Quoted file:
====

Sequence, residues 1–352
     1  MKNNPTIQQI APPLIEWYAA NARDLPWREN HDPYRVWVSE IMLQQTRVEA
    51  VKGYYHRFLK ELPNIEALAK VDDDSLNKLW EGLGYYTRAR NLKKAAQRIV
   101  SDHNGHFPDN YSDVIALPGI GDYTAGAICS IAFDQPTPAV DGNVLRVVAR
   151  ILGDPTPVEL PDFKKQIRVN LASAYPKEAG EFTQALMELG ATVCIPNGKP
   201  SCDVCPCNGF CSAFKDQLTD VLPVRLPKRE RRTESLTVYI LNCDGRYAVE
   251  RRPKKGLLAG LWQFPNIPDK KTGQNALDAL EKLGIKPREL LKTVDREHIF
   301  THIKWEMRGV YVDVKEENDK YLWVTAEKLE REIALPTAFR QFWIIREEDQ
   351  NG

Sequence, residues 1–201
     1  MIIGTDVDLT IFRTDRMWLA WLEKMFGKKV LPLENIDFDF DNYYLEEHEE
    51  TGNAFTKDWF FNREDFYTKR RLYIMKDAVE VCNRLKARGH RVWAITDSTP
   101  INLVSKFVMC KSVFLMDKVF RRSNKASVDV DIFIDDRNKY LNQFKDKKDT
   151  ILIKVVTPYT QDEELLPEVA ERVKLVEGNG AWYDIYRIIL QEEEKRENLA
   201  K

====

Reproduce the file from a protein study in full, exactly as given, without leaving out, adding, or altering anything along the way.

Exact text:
Sequence, residues 1–352
     1  MKNNPTIQQI APPLIEWYAA NARDLPWREN HDPYRVWVSE IMLQQTRVEA
    51  VKGYYHRFLK ELPNIEALAK VDDDSLNKLW EGLGYYTRAR NLKKAAQRIV
   101  SDHNGHFPDN YSDVIALPGI GDYTAGAICS IAFDQPTPAV DGNVLRVVAR
   151  ILGDPTPVEL PDFKKQIRVN LASAYPKEAG EFTQALMELG ATVCIPNGKP
   201  SCDVCPCNGF CSAFKDQLTD VLPVRLPKRE RRTESLTVYI LNCDGRYAVE
   251  RRPKKGLLAG LWQFPNIPDK KTGQNALDAL EKLGIKPREL LKTVDREHIF
   301  THIKWEMRGV YVDVKEENDK YLWVTAEKLE REIALPTAFR QFWIIREEDQ
   351  NG

Sequence, residues 1–201
     1  MIIGTDVDLT IFRTDRMWLA WLEKMFGKKV LPLENIDFDF DNYYLEEHEE
    51  TGNAFTKDWF FNREDFYTKR RLYIMKDAVE VCNRLKARGH RVWAITDSTP
   101  INLVSKFVMC KSVFLMDKVF RRSNKASVDV DIFIDDRNKY LNQFKDKKDT
   151  ILIKVVTPYT QDEELLPEVA ERVKLVEGNG AWYDIYRIIL QEEEKRENLA
   201  K